To heat 100 litres of water from 20ºC to 60ºC, delta T = 40

100 x 40 / 853 = 4.7

Hence 100 litres of water require 4.7 kWhr if the temperature of the water is to be raised by 40 deg C

Assume flow rate of 5 litres per minute through the heater,

hence 100 litres passes in 20 minutes

20 minutes is one third of an hour

to create 4.7 kWhr in one third of an hour requires a heating rate of 4.7 x 3 = 14.1 kW

Assume flow rate 10 litres per minute through the heater,

hence 100 litres passes in 10 minutes

10 minutes is one sixth of an hour

to create 4.7 kWhr in one sixth of an hour requires a heating rate of 4.7 x 6 = 28.2 kW

What a load of rubbish. I go to loads of houses where the water pressure is poor and the boiler just modulates down to the flow provided

I’ve never read such crap

I’ve never read such crap

If you consider it to be crap then you should be able to explain why you believe it is crap, can you explain ? An explanation would be useful for people asking questions about their boiler switching ON and OFF

and the boiler just modulates down to the flow provided

No domestic boiler can modulate down to 10% or less ( 10:1 turn down ). As people are mentioning on the forum when the flow provided is too low the boiler starts to cycle ON and OFF.

Disclaimer. boilers with variable geometry combustion chambers can modulate to less than 10% but are too complicated for domestic service

If you consider it to be crap then you should be able to explain why you believe it is crap, can you explain ? An explanation would be useful for people asking questions about their boiler switching ON and OFF

No domestic boiler can modulate down to 10% or less ( 10:1 turn down ). As people are mentioning on the forum when the flow provided is too low the boiler starts to cycle ON and OFF.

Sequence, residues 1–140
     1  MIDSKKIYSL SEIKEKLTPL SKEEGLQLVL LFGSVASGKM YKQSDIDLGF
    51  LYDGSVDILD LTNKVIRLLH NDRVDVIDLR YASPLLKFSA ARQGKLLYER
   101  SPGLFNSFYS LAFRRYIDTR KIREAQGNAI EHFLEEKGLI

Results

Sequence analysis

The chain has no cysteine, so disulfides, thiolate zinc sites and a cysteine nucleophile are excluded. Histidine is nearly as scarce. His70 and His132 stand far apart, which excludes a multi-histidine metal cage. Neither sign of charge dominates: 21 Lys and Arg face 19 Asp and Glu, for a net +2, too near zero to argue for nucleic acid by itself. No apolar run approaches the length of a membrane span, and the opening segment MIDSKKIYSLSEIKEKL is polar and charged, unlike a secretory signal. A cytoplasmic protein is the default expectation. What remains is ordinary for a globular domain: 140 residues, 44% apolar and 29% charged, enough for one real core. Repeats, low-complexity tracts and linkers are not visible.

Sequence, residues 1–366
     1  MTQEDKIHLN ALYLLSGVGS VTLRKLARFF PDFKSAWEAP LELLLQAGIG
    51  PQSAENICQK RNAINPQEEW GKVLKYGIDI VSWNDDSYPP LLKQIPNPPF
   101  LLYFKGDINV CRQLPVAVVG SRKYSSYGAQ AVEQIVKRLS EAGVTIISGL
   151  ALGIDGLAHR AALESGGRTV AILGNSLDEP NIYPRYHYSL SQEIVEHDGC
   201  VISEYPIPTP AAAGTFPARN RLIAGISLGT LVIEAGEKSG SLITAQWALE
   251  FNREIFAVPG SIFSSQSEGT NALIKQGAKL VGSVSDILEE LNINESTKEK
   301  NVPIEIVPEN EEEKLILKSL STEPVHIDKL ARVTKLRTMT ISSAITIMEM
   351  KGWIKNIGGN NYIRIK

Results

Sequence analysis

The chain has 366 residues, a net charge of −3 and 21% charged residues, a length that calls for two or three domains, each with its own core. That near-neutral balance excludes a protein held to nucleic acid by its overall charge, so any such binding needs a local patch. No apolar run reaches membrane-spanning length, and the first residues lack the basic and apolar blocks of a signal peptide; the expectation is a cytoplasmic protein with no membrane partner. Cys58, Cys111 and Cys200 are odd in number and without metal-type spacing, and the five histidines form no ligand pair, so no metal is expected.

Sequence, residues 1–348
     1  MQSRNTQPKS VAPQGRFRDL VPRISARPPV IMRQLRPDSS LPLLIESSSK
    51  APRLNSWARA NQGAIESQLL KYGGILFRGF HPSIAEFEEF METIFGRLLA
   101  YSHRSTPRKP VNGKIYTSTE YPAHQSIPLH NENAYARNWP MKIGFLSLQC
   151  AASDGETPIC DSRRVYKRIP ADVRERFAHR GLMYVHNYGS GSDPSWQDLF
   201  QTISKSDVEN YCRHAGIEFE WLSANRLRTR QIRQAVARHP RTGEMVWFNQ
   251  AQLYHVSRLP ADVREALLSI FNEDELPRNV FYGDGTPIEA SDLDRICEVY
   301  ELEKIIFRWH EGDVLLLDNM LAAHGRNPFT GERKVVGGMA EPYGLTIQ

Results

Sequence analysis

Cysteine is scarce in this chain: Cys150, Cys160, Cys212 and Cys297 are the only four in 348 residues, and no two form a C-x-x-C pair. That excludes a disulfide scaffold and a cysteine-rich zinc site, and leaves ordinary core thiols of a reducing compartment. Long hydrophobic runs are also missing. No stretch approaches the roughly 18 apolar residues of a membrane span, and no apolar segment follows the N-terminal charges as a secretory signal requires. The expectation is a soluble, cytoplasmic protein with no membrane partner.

Disclaimer. boilers with variable geometry combustion chambers can modulate to less than 10% but are too complicated for domestic service

Modern boilers need a “minimum” flow rate to activate. So the OP’s boiler has met the minimum requirement for flow. Or it wouldn’t fire up

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I'd love to help but am amazed that the responses just go on..and on...and on. Lime you say...too much theory.Jeez.

Too much theory, not enough practical!

wrong again bennyboyNo domestic boiler can modulate down to 10% or less ( 10:1 turn down )

wrong again bennyboy

Prove that. List those that can.

"" Our Linea One 38kW combi boiler boasts a class-leading 10:1 modulation ratio, enabling it to modulate its output to 10 per cent of its maximum – 38kW down to 3.8kW. ""

I do still wonder how the efficiency changes between 100% and 10%

Do manufacturers provide any data about modulation versus efficiency ?

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Go google, it is what you do anyway, start with Navien who actually claim ven better turn down ratiosProve that. List those that can.

https://www.navieninc.com/residential/combi-boilers

well @bernardgreen has your computer broken down ?

Thought you had a J&S not a Vokera ?Prove that. List those that can.

EDITOK I accept there may be some that can modulate down to 10%

"" Our Linea One 38kW combi boiler boasts a class-leading 10:1 modulation ratio, enabling it to modulate its output to 10 per cent of its maximum – 38kW down to 3.8kW. ""

I do still wonder how the efficiency changes between 100% and 10%

Do manufacturers provide any data about modulation versus efficiency ?

Go google, it is what you do anyway,

Other sources are available ( some have restricted access ) as are other search engines

start with Navien who actually claim ven better turn down ratios

well @bernardgreen has your computer broken down ?

No. I was doing other things

Thought you had a J&S not a Vokera ?

Yes you are right I have a Johnson and Starley, does that matter ?

I said:I do still wonder how the efficiency changes between 100% and 10%

I did briefly google for information that is in the public domain but nothing found.